It didn’t take long for participants of a summit last fall focused on developing more research opportunities for community college students to start mulling how they could not only keep the momentum going, but to grow it.
Jared Ashcroft, a chemistry professor at Pasadena City College in California, organized a series of bimonthly online meetings with summit participants and others interested in undergraduates research experiences (UREs) to share information about effective URE practices. He said he hopes to develop a community of practice around UREs.
“To me, it’s more of a national conversation — like how do we support each other at community colleges? How can we maybe leverage different (undergraduate research) programs that are really successful?” Ashcroft said.
Patricia Turner, dean of science, engineering and technology at Howard Community College in Maryland, said that she submitted a proposal for a session about UREs at the upcoming Maryland community college conference. She hopes that the session will lead to a core group with representatives of every Maryland community college collaborating to expand the use of UREs.
“There is a lot of energy around this right now,” she said.
Ashcroft’s and Truner’s efforts were highlighted in a new report that summarizes the proceedings of the Community College URE Summit held last November. The American Association of Community Colleges (AACC) convened the meeting with support from the National Science Foundation’s (NSF) Advanced Technological Education program.
Devoun Stewart, assistant professor of chemistry at Sacramento City College in California, reported that he had started to develop course-based undergraduate research experiences for a general chemistry course. The college also plans to submit an S-STEM grant proposal to NSF. The S-STEM program was one of several URE funding opportunities shared during the summit.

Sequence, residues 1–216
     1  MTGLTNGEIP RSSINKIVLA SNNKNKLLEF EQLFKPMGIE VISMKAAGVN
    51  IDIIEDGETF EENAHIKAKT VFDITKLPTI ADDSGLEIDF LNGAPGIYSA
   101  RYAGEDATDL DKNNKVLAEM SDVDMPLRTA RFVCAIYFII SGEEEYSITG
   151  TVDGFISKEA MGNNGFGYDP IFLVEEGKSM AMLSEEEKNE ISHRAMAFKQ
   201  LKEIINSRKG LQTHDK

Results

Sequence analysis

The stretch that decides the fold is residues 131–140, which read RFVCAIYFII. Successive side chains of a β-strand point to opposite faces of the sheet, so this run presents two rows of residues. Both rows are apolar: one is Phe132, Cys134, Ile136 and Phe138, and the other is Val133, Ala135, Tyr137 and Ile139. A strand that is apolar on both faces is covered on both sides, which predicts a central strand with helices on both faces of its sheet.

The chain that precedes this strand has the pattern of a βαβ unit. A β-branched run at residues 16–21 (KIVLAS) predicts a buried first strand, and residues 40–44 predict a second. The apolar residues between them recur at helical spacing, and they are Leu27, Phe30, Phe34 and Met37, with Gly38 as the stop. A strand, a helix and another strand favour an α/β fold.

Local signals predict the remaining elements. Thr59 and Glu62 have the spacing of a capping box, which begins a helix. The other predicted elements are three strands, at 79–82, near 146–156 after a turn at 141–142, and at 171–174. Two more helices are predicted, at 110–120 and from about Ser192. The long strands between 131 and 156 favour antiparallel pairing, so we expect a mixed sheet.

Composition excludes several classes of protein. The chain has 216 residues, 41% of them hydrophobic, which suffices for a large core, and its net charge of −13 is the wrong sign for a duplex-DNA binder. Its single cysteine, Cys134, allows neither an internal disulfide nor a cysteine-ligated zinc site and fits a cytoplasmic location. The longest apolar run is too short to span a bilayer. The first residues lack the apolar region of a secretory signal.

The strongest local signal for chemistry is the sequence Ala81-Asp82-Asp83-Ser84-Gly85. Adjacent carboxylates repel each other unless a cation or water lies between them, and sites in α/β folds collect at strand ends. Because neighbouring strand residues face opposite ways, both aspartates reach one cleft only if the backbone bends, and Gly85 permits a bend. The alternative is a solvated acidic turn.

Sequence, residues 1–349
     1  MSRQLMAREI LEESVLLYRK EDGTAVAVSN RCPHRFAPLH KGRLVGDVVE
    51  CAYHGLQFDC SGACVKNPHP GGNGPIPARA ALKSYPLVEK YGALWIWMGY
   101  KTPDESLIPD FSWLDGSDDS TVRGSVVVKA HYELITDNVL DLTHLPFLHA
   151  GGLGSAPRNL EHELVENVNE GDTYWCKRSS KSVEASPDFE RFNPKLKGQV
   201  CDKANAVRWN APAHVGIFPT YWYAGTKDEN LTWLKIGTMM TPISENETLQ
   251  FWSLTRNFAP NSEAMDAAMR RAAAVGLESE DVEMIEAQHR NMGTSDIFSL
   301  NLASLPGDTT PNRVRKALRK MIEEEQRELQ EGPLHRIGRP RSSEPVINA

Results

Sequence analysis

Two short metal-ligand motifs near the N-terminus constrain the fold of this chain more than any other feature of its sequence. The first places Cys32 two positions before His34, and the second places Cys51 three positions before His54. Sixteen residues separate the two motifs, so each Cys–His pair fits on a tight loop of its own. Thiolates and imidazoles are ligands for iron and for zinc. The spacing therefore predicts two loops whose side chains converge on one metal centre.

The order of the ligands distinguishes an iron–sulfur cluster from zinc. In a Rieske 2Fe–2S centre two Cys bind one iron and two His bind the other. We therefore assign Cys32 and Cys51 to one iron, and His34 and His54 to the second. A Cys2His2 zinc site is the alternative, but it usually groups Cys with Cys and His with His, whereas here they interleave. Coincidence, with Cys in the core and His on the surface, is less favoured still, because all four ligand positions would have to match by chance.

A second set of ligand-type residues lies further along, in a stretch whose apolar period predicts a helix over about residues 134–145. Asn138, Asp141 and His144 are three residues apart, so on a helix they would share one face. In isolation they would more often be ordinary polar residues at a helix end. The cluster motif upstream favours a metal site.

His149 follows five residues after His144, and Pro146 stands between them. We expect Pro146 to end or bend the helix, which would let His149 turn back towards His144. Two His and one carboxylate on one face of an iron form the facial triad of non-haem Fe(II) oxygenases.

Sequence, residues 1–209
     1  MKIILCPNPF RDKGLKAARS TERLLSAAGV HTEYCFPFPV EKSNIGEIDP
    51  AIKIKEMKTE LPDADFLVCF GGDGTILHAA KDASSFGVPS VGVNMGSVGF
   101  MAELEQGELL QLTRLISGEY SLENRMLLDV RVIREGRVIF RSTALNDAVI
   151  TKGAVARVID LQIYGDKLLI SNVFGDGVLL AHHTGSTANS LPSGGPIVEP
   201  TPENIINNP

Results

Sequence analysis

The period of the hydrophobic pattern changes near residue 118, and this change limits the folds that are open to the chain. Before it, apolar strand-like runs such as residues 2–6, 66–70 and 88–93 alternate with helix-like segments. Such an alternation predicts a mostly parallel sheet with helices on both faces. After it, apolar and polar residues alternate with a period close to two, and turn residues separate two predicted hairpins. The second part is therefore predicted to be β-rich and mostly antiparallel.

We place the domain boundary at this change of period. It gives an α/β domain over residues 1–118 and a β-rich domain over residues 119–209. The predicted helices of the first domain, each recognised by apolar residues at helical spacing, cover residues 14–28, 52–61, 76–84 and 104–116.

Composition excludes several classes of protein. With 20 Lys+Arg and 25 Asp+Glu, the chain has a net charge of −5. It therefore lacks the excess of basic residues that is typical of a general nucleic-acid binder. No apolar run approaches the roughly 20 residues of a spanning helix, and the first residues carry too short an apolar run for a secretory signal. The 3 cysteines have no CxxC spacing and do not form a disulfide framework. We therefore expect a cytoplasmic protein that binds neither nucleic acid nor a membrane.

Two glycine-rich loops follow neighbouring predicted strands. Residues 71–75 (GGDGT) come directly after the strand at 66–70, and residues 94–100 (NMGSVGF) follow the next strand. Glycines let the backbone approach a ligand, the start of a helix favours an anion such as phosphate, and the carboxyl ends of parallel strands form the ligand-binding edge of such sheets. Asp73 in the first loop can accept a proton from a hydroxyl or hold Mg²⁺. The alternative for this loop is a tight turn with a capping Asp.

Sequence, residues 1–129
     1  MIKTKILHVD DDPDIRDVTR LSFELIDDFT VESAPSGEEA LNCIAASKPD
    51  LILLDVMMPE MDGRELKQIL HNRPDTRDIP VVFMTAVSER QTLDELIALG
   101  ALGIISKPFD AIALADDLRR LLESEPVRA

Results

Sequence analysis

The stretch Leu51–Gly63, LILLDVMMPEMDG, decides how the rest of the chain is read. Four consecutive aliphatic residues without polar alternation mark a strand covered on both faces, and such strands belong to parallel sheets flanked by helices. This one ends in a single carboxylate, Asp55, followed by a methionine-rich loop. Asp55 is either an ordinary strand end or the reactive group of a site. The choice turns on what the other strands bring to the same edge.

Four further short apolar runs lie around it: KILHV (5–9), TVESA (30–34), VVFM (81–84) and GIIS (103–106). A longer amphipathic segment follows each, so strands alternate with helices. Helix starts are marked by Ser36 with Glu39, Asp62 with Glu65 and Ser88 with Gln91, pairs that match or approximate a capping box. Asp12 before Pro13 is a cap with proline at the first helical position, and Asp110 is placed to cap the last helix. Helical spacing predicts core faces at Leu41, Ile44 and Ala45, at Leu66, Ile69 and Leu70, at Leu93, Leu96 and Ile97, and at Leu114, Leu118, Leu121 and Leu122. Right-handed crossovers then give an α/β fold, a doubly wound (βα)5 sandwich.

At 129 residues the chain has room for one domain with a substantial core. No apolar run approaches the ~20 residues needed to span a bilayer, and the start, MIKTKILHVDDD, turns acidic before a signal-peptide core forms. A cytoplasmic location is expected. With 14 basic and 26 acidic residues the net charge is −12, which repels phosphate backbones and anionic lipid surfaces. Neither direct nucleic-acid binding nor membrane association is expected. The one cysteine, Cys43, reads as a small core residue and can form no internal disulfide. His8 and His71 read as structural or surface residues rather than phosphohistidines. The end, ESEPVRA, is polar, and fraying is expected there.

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Darren Mattone, a biology professor at Muskegon Community College in Michigan, said that he wants to improve coordination of research at the college so that various research efforts could develop a common marketing message. He said that the summit prompted him to take a different route.
“I applied for a sabbatical for fall 2020 to develop a proposal for a research-based honors college/program that spans all disciplines,” he said. “I felt that this honors approach would foster more interdisciplinary collaboration and research between faculty and students, and build on what others are already doing. This will then lead to the college-wide Scholars’ Day I’ve envisioned for years, in addition to the marketing of what we as faculty do.”
The summit steering committee noted that it is common to think of UREs as primarily lab- or course-based. That’s why it expanded that definition: UREs use the scientific method and/or the engineering design process to promote student learning by investigating a problem where the solution is unknown to students or faculty. UREs provide students with essential workplace and life-long learning skills such as collaboration, problem-solving, critical thinking, creative thinking, and communication.